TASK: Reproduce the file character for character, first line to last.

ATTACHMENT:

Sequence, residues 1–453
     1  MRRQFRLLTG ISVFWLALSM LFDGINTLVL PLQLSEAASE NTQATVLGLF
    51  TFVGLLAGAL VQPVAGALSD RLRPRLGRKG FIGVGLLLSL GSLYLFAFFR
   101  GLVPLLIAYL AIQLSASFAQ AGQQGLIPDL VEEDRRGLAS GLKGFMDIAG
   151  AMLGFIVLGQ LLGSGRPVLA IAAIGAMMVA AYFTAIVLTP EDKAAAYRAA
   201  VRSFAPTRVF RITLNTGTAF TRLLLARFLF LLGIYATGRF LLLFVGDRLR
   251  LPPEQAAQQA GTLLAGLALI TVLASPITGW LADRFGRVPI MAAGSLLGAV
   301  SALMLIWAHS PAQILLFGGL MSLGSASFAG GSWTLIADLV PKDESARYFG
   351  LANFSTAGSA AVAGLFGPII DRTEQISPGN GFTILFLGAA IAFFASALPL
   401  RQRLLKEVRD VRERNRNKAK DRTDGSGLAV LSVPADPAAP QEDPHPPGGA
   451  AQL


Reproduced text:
Sequence, residues 1–453
     1  MRRQFRLLTG ISVFWLALSM LFDGINTLVL PLQLSEAASE NTQATVLGLF
    51  TFVGLLAGAL VQPVAGALSD RLRPRLGRKG FIGVGLLLSL GSLYLFAFFR
   101  GLVPLLIAYL AIQLSASFAQ AGQQGLIPDL VEEDRRGLAS GLKGFMDIAG
   151  AMLGFIVLGQ LLGSGRPVLA IAAIGAMMVA AYFTAIVLTP EDKAAAYRAA
   201  VRSFAPTRVF RITLNTGTAF TRLLLARFLF LLGIYATGRF LLLFVGDRLR
   251  LPPEQAAQQA GTLLAGLALI TVLASPITGW LADRFGRVPI MAAGSLLGAV
   301  SALMLIWAHS PAQILLFGGL MSLGSASFAG GSWTLIADLV PKDESARYFG
   351  LANFSTAGSA AVAGLFGPII DRTEQISPGN GFTILFLGAA IAFFASALPL
   401  RQRLLKEVRD VRERNRNKAK DRTDGSGLAV LSVPADPAAP QEDPHPPGGA
   451  AQL